To accommodate the higher energy demands of feature-rich devices without compromising battery service life, the wireless sensors designed for 25 years of service must operate in a dormant or 'sleep' mode, where average daily power consumption ranges from zero to a few microamps to conserve energy. The device is also programmed to periodically switch into active mode, where high current pulse loads are required for brief intervals while the sensor progresses through start-up, interrogation, data transmission, and return to dormant mode. The energy required during active mode varies from hundreds of milliamps for short-range RF communications to a few amps for certain GPRS protocols.
Each application is unique, so to specify the right battery, design engineers need to fully understand application-specific power requirements, including:
- Energy consumption during dormant or sleep mode (the base current)
- Energy consumption during active mode (including the size, duration, and frequency of high-current pulses, where applicable)
- Length of time that the battery will be stored because self-discharge during storage diminishes capacity
- Thermal environments for both storage and operation
- Equipment cut-off voltage. As battery capacity is exhausted, or in extreme temperatures, the voltage can drop to a point too low for the sensor to operate
- Battery self-discharge rate, which sometimes can be higher than the current draw from average sensor use
These and other parameters can be combined to create an energy-use profile, a mathematical model that accurately predicts battery life expectancy. Battery manufacturers can also perform sensitivity analysis of critical parameters, such as prolonged exposure to extreme temperatures, which helps to optimize system performance and extended battery life.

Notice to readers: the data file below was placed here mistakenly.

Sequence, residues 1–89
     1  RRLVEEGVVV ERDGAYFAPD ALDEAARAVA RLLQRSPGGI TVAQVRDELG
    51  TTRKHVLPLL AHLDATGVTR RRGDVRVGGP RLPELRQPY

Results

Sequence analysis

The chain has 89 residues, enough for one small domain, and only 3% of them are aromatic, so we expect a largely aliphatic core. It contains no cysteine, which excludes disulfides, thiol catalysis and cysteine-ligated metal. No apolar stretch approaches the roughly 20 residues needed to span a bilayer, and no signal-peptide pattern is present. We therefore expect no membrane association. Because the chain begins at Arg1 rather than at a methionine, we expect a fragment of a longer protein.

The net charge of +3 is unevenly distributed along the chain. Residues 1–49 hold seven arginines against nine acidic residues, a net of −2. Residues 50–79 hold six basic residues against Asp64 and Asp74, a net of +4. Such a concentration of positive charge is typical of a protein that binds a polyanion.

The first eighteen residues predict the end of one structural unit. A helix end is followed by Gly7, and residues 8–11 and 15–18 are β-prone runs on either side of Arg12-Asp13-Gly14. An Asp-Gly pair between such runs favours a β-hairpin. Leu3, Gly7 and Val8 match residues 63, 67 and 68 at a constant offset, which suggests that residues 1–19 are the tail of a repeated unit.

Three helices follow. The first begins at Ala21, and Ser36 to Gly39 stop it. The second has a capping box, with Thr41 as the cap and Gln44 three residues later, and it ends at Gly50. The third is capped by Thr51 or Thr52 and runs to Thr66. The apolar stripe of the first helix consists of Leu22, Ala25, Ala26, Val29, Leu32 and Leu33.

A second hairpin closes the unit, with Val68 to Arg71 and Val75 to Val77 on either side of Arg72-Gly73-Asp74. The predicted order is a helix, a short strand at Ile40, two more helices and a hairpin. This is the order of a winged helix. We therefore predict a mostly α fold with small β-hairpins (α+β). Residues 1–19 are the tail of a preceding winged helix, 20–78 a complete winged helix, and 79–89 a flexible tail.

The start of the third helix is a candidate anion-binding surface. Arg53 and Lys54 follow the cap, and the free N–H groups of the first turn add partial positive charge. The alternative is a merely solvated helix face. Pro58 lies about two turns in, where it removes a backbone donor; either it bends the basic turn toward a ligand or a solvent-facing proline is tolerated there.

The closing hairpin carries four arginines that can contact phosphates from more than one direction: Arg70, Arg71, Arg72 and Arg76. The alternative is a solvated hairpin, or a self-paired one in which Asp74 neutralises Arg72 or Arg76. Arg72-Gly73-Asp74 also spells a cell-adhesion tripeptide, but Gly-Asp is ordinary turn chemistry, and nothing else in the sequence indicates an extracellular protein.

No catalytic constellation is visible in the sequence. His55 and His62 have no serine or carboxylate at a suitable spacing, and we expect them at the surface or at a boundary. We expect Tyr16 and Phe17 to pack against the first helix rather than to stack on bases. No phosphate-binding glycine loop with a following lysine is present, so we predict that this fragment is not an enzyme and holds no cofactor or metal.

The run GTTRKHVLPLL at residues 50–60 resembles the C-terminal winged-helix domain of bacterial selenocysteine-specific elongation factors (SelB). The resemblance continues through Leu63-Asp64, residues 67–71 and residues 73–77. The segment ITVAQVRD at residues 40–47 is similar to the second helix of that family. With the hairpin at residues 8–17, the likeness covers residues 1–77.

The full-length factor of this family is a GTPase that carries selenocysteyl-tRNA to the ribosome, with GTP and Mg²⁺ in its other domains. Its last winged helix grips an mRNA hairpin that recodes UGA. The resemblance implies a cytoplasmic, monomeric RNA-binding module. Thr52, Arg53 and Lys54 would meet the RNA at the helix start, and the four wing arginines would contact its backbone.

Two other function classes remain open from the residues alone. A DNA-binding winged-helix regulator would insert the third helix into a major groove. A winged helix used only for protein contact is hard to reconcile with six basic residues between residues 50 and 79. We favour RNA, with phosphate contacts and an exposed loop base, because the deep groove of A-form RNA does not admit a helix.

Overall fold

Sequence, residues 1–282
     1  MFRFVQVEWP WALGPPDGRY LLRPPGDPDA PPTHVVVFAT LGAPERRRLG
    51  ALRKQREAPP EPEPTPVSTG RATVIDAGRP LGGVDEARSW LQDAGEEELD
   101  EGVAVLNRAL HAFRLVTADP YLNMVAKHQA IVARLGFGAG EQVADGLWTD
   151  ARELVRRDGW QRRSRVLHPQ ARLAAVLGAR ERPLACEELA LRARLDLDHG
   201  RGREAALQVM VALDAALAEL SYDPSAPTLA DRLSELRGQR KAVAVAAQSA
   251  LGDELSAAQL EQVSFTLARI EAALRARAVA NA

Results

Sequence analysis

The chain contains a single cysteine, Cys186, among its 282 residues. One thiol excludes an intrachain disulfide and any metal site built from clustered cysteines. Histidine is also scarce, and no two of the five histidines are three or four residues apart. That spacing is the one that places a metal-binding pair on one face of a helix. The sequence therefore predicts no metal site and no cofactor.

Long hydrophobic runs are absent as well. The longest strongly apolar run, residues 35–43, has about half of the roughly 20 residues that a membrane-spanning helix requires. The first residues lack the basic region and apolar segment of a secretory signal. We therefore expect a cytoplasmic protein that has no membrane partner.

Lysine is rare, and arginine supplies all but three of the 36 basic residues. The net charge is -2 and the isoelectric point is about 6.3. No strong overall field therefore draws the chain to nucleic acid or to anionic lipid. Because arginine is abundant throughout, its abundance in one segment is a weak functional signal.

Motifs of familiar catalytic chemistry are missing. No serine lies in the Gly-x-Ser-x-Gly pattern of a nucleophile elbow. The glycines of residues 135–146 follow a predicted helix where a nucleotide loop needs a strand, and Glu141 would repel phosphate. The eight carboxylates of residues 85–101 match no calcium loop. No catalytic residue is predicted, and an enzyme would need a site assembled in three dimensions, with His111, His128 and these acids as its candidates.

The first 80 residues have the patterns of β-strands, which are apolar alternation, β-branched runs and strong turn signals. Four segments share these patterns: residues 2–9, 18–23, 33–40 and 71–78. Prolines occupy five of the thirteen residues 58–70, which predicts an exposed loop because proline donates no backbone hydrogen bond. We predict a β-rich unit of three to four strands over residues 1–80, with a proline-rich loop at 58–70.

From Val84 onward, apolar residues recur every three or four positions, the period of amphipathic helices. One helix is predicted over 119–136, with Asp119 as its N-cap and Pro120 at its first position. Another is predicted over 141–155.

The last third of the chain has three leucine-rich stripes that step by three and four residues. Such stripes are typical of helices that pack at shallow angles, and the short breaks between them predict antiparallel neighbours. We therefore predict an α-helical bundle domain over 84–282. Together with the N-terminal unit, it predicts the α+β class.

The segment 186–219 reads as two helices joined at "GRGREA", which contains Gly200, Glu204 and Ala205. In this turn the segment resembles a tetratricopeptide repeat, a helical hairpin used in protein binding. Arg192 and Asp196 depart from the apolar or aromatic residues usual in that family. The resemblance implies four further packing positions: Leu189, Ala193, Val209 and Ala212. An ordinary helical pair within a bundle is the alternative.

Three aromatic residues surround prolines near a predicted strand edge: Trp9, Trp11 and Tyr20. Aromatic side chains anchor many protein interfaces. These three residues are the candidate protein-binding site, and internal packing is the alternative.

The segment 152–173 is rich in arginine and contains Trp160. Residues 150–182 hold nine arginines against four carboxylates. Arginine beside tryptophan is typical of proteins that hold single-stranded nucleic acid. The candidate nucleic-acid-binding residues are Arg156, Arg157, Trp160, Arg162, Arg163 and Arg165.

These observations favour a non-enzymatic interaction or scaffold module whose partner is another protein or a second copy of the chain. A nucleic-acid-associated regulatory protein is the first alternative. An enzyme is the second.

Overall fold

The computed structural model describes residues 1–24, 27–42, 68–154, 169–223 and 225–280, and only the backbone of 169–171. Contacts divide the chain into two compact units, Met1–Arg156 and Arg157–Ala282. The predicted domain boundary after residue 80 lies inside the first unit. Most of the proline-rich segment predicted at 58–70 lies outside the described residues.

Among the different battery chemistries available for use in wireless sensors, lithium thionyl chloride (LiSOCl2) is overwhelmingly preferred for long-term use in extreme environments because of its performance characteristics, including its high energy density, high capacity, extremely low self-discharge, and extended temperature range.
LiSOCl2 batteries (Figure 2) have a successful history in remote wireless applications dating back to the late 1970s.
Figure 2. Lithium thionyl chloride (LiSOCl2) chemistry is the preferred choice for applications requiring extremely long battery life, extended temperature range, and reduced size and weight
Figure 3. Aclara AMR meter transmitter units (MTUs) installed in 1984 are still operating 27 years later on their original LiSOCl2 batteries
For example, in 1984, Aclara, formerly Hexagram, began using LiSOCl2 batteries to power meter transmitter units (MTUs) for automated meter reading systems used by water and gas utilities (Figure 3). Many of these early devices are now reaching the end of their operational lives but the older units were still operational after 27 years, using their original Tadiran batteries. The proven track record of LiSOCl2 batteries allows today's automated meter reading (AMR) and automated metering infrastructure (AMI) equipment manufacturers to offer long-term performance contracts for large-scale infrastructure upgrades that enhance customer service and billing and permit continuous monitoring of customer demand and usage.
While Aclara's example demonstrates that 25+ years of battery life is achievable, one cannot assume that all LiSOCl2 batteries are created equal. Good batteries are products of battery manufacturers who use high-quality materials and advanced manufacturing techniques. Long-life performance requires batteries with a low potential for electrolyte leakage or short circuits combined with low annual self-discharge. While many battery manufacturers claim low annual self-discharge rates at ambient temperatures, this claim may be invalid depending on the size of the battery, its method of construction, or the application-specific temperature requirements. A difference of just a few microamps in self-discharge rate can significantly impact battery life expectancy.